It isn’t that hard to Move Your Money, and it will help the economy of your own community.

How Do They Fool So Many Voters?

Posted in "North Carolina", Economy, Government, Government Politics, Local Government, NC, Politics, Winston-Salem by helenofmarlowe on October 10, 2011

I’ve never known anyone over the age of 13 to be as obsessed with sex as the current NC Republican legislators. They were hired to create jobs and improve the economy, but they’ve done nothing so far except insert themselves into the private lives of citizens. They’ve cut the budget so severely that the UNC system has had to cut more than 3,000 positions. This, they think, creates jobs? They’ve cut and closed government offices, putting many thousands of public employees out of work. Do they think that moving people out of jobs and into the un-employment lines is good for the economy? Our NC – DOT has just cut 400 positions. Will putting those 400 people onto the un-employment rolls help the economy? Our NC Republican legislators have passed laws curtailing women’s reproductive rights to a degree not seen (correct me if I’m wrong, anyone) in any other state, and approximately equal to the reproductive rights of the most restrictive theocracies. Not because they care about babies — I see no evidence that they care a whit about babies — but because they want to abolish the individual right to privacy. They are now spending their (our?) time and energy and tax money working on passing a Marriage Amendment to the NC constitution. Yep, not just a law, but a Constitutional Amendment! To strengthen it, I believe, against a possible newly elected and saner legislature changing that in future.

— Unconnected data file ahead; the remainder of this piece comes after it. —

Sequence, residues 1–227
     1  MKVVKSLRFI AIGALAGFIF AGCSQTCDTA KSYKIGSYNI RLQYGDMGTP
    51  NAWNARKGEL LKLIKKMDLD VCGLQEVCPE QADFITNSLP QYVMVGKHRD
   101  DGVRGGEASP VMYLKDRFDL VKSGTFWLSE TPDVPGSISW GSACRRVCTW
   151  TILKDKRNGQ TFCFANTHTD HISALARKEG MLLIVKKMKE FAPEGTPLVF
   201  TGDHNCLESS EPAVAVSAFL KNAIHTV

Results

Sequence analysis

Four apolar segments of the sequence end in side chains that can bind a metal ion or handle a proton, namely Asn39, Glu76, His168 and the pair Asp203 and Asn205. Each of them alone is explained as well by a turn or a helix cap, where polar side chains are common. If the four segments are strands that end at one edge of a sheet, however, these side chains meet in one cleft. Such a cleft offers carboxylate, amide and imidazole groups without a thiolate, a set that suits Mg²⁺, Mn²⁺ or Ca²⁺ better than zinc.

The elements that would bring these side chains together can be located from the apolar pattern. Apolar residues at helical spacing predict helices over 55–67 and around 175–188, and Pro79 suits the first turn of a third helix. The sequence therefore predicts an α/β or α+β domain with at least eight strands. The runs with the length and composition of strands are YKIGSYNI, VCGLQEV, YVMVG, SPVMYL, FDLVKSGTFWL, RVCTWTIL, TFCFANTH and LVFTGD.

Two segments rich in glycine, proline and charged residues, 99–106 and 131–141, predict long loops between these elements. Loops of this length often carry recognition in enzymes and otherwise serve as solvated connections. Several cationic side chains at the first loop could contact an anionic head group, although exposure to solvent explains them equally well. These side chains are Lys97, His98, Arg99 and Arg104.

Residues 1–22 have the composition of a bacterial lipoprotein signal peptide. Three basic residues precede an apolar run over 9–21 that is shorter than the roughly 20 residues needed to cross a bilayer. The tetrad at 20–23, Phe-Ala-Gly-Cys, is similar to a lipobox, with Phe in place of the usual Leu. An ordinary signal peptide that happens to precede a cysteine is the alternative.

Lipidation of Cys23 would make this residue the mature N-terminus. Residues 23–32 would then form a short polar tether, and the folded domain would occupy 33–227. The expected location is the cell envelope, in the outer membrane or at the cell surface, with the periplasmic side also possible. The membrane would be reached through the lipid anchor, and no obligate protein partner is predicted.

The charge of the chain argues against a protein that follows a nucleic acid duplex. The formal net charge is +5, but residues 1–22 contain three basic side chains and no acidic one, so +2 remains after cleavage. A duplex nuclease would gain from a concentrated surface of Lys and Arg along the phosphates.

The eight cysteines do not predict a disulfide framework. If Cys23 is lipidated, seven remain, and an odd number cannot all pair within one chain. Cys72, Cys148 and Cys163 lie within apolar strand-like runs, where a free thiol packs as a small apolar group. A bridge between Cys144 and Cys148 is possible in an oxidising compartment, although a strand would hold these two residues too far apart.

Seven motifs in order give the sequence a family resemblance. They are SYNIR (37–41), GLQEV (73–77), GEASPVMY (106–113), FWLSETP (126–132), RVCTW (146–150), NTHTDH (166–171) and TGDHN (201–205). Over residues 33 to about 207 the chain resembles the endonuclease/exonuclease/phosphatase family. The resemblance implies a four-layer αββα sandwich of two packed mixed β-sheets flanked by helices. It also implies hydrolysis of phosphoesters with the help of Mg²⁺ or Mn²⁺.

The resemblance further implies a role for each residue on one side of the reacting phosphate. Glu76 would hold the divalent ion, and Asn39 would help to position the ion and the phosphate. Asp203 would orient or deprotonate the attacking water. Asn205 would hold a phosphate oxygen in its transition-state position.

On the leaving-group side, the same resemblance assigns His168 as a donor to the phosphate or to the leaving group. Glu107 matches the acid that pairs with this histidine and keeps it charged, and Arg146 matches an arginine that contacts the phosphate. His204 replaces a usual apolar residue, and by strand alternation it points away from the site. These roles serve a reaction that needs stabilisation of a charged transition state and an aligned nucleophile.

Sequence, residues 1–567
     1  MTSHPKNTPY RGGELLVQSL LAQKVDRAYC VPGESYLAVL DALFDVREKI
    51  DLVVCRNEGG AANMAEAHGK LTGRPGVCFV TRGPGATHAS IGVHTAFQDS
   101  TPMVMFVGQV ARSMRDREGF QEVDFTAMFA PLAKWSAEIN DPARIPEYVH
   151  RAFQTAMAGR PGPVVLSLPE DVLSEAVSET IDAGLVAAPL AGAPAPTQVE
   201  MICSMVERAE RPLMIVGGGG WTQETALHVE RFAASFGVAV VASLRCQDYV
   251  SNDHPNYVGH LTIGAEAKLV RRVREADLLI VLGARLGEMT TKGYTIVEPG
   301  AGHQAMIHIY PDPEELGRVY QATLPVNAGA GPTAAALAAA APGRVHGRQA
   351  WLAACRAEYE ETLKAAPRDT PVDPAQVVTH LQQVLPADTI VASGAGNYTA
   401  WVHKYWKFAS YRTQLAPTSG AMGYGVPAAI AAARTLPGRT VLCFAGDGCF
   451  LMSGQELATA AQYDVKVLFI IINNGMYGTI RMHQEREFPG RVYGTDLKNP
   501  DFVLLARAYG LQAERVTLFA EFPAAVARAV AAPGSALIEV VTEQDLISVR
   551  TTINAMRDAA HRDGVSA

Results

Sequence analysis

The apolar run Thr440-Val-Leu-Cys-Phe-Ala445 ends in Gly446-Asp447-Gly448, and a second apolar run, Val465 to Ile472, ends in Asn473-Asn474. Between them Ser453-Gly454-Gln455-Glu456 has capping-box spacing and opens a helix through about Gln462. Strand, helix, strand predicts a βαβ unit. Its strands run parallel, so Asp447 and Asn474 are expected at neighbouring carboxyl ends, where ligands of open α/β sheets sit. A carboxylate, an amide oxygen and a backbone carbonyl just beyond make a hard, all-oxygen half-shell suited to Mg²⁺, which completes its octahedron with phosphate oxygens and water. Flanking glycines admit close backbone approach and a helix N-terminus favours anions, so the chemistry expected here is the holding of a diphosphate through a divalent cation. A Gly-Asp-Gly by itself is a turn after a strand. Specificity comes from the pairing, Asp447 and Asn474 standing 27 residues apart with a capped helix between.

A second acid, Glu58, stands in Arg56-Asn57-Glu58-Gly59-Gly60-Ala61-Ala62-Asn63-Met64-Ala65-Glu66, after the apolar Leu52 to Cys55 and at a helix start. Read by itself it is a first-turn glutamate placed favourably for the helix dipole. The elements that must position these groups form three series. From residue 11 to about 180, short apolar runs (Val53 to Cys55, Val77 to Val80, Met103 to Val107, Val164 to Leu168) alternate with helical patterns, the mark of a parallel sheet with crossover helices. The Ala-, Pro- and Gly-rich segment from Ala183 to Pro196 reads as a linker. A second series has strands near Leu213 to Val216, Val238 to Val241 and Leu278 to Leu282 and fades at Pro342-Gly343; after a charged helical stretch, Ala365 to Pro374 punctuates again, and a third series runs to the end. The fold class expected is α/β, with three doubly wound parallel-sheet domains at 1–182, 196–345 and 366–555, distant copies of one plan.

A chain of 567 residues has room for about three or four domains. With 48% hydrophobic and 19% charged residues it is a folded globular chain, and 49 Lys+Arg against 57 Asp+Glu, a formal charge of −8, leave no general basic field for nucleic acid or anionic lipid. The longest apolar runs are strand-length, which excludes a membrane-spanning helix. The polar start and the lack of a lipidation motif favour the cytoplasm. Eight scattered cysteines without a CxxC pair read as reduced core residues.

And this is the party that claims it wants to get big government out of our private lives. It’s clear their main goals are 1) causing as much damage to the economy as possible, so as to ensure our president will not be re-elected, and 2)  control the private lives of individual citizens.  How is it that they can fool so many voters?

Don’t read this – it’s bah, humbug

Posted in Holiday, Religion by helenofmarlowe on December 4, 2010


Marta said to me, I love this season!

I must have looked rather incredulous, because she then said, You don’t?

The winter season, the Christmas season.  How can I not love it?

How can I not love it? Let me count the ways.

Christmas is a celebration of things I do not love.

Consumption, for example.